Warning: The Meetup website can be confusing. Like other sites these days that assume you’re a digital native, instead of clearly labeled links, Meetup shows you little icons and you have to figure out what they mean. On the top right of your screen is a bell icon to see all your upcoming group meetings, three lines in a bubble to access messages from other members and group organizers, and three dots to find help and other stuff. There’s no telephone support; if you have a question, use this link to send an email to the support team.
Thank you, Erica, for putting it so clear for our readers.
Meetup #1: Coffee & Conversation, a wash
My first Meetup was underwhelming. A “Coffee and Conversation” discussion group was meeting each week to discuss various topics. This week’s topic was “The Seventies” – meaning the decade, not my age. I figured everyone would at least have to be 60-plus. Well, they were, and some were interesting, but the leader maintained such a rigid structure that I got bored and left.
Meetup #2: Book club success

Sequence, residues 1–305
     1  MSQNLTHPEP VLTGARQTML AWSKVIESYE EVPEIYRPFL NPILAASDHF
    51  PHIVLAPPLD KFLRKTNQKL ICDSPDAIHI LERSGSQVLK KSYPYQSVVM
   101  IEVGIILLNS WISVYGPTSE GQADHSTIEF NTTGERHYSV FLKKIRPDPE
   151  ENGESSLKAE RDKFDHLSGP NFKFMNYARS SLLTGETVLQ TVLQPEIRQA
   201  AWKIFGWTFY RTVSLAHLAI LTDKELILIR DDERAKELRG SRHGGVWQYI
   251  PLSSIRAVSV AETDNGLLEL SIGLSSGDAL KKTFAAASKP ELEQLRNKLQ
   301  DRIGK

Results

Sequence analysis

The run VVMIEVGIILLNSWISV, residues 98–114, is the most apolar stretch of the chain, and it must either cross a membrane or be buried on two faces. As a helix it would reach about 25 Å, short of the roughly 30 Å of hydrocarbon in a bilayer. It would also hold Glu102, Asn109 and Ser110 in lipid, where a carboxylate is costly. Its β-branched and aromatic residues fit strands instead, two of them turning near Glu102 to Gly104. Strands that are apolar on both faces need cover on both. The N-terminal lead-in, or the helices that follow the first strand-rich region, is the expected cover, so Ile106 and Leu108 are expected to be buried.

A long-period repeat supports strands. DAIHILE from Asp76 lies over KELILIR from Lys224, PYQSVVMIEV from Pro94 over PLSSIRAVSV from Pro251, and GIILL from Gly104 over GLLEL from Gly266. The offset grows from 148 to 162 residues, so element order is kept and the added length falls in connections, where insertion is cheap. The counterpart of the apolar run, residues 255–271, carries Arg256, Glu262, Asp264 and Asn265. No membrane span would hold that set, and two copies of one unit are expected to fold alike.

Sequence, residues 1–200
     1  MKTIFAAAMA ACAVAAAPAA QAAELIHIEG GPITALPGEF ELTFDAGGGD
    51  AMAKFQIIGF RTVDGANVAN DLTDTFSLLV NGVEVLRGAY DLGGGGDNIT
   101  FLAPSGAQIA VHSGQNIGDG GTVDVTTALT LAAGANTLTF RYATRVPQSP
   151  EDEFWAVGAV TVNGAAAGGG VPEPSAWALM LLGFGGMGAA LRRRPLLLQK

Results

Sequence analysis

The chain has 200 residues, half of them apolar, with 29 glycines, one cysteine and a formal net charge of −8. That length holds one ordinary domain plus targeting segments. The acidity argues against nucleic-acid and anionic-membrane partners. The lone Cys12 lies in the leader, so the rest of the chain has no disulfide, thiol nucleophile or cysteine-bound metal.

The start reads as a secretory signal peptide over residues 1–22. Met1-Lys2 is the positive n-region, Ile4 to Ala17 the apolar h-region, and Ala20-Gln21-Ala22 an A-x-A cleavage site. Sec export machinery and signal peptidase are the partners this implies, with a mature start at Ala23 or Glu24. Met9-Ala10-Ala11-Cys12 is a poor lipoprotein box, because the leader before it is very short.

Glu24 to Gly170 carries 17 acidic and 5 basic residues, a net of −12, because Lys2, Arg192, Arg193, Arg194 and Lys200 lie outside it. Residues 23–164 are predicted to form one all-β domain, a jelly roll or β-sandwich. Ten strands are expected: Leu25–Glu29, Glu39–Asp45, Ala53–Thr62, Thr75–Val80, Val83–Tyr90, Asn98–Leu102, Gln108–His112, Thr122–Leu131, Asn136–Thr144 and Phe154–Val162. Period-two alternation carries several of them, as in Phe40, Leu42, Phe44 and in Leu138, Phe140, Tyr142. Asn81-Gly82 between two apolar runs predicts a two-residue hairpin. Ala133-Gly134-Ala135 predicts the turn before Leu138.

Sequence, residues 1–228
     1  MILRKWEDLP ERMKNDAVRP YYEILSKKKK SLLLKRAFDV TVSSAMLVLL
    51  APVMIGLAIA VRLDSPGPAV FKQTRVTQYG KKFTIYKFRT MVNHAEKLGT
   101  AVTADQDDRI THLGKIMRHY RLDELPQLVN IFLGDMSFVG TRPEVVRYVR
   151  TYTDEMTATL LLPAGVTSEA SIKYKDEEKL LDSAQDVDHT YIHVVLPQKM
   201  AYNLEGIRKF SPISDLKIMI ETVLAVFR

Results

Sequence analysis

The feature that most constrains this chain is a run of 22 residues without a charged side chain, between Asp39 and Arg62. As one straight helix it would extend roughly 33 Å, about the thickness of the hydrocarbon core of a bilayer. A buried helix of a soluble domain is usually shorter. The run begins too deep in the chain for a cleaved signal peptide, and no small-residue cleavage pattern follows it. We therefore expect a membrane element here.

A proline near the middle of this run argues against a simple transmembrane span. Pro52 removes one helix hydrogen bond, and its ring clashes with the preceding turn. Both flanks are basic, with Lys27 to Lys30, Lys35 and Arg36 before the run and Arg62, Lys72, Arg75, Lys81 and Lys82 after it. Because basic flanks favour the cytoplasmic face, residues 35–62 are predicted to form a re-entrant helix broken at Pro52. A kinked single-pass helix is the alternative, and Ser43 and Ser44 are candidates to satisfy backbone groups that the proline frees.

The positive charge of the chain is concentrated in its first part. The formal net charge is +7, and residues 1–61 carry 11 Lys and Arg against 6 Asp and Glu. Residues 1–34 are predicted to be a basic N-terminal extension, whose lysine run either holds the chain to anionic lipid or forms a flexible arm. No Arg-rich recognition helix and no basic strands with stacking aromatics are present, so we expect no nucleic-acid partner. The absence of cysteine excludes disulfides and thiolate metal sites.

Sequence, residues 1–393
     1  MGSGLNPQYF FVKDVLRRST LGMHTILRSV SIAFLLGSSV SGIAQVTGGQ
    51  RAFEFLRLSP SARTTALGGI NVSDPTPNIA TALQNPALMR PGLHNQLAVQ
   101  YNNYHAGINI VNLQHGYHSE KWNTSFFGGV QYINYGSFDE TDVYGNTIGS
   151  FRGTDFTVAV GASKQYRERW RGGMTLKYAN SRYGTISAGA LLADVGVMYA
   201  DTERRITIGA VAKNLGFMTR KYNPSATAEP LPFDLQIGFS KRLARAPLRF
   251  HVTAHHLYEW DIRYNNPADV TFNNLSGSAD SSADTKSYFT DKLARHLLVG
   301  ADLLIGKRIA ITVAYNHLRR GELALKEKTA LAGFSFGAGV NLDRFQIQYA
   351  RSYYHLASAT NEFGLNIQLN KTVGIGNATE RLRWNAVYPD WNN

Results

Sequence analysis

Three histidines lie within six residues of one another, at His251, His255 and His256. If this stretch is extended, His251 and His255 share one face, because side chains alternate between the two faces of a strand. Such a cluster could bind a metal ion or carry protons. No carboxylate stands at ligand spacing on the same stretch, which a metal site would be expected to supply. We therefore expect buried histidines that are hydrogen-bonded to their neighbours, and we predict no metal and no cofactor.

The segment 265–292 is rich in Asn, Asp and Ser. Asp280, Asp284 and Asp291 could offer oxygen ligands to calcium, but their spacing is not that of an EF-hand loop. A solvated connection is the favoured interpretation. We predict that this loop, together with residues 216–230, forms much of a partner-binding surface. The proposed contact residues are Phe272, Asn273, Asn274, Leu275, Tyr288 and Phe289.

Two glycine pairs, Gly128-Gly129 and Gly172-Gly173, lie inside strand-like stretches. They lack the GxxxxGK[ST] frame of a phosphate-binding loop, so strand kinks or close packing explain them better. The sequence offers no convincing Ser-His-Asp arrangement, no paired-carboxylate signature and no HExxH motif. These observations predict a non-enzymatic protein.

There was no such problem with my second foray into the “The Fort Lauderdale Girl-Time Book Club.” I’d been wanting to join a book club near my home in upstate New York for a long time and even had tried starting one with no success, but this group had been meeting for many years and had over 100 members, 32 of whom showed up to the January meeting to nominate book choices for the coming year. They were mostly young women in their 20s to 40s with a few in their 50s. Despite the age gap (I’m 72), everyone was extremely friendly – nobody gave me the “invisible” treatment – and the book I nominated was chosen, which amazed me since no one knew me and it’s a pretty esoteric book (“The Golem and the Jinni“ by Helen Wecker.) I networked madly. I announced I wanted to move to Florida and needed a realtor, and of course, there was a realtor in the group (every group has a realtor) who happened to be one of the older members and from New York.